Pest Control News

Thursday, 30 May 2019

Spring Pests Are Here!

Spring Pests Are Here!

Spring is the time for most pests to begin to emerge. This is usually due to most of them searching for a mate. Even if love is in the air, the last thing you want to deal with is a pest problem. 

Below are some common pest problems that we receive calls about during the spring months;

Cockroaches and Bed Bugs
Cockroaches love warmer weather conditions which is why it is likely you may begin to see them around. They are always on the search for food and water sources. They are extremely adaptable which makes them difficult to treat. They have been around for millions of years and can be very resourceful in residential and commercial locations. They will eat pretty much anything, including each other if necessary. They can go without food for about a month but will only survive without water for a week.
Bed Bugs are also more prevalent during this time of year. This could be for a number of reasons, they like most pests are ready to find a mate. However, more reports of bed bugs are made due to the school holidays and travelling. If you pick up bed bugs in a hotel for example and they survive the journey, they will thoroughly enjoy the lovely environment of your nice warm home.  

Pigeons
Pigeons are on the lookout for a mate at this time of the year. And they are not quiet about it either! Another issue with birds is their poop. They actually harbour a number of diseases in themselves but also their droppings. This can cause serious health issues if not dealt with and handled correctly by a professional. 

Clothes Moths
It is the time to start getting out the Spring/Summer wardrobe as the weather starts to warm up. If you find holes in your clothes, that means you have a moth problem! It is not actually the adult moths that make these holes but rather the larvae. It is most likely that they would have been present when the clothes where packed away, which is why it is suggested that clothes are washed on a high heat, dried and placed in sealed containers to best combat these pests.

Bees and Wasps
You will see many insects beginning to emerge now. It is mating season after all. Bees and wasps are also beginning to search for food sources. Whilst bees are attracted to pollen and nectar, wasps like anything sweet! Both these insects can sting you so if you do come across them, it is best practice to leave them be if possible. They will become aggressive if they feel you are a threat to them or their nest. 

If you think you have any of these pest problems mentioned above, please do not hesitate to give us a call!

Tuesday, 14 May 2019

Death Watch Beetles

Death Watch Beetles

The Death Watch Beetle is not as scary as it sounds. It is believed that the name originated from these beetles commonly being found in churches and hospitals years ago. Although superstitious people believed it was because they were an ‘ill omen’ it was more likely due to the construction of buildings years ago. More specifically the wood used in these buildings. The Death Watch Beetle is a wood boring beetle and can be placed under the umbrella term ‘woodworm’. This is due to their boring tunnels in wooden structures as they eat.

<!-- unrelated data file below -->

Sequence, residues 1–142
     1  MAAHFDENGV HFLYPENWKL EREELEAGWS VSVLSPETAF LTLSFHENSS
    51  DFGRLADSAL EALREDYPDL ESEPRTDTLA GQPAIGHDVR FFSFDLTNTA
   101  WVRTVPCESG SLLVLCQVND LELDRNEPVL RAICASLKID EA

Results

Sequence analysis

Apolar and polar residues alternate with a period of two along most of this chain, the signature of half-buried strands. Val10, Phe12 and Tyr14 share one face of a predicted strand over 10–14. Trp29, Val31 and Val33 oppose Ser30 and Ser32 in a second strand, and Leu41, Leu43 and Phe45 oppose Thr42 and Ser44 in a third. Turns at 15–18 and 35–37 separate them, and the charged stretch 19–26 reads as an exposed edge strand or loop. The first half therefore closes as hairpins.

Death Watch Beetles are native to the United Kingdom and are most likely to be found in hardwood- building timbers or furniture. They are not partial to softwood furnishings which is lucky really as most newly built houses use softwood in the structure. The adult beetles are around 7mm in size and a mottled brownish grey in colour. They are able to fly but do not tend to.

These seasonal pests will start to make an appearance between the months of April and September as the weather begins to warm up. They make their appearance for one reason only, to mate. In order to attract a mate, they will bang their heads against the wooden structure to make a tapping or clicking sound. Once they have found a mate, they will search for a suitable location to lay their eggs. This location must have a decent level of moisture to ensure their eggs survive as well as somewhere where their eggs will not be disturbed. The female can lay up to 70 eggs at a time. When the eggs hatch, the grubs tunnel down in to the wood structure to feed. Interestingly, grubs can live up to 10 years inside the timber, it is after this they will emerge as grown beetles in search for a mate. 

Any signs of the Death Beetle are similar to those of the woodworm. The tunnels created by the grubs will create holes visible in the surface of the wood and the production of frass (digested wood sawdust) will be a tell-tale sign that you have an active infestation. Don’t forget to listen out for the tapping too, another sure sign that you have an active infestation. 

If you think you may have a Death Beetle infestation, we strongly recommend that you give a professional pest controller a call. We will be able to offer you advice and best course of treatment to rid you of these pests and make sure that they do not come back!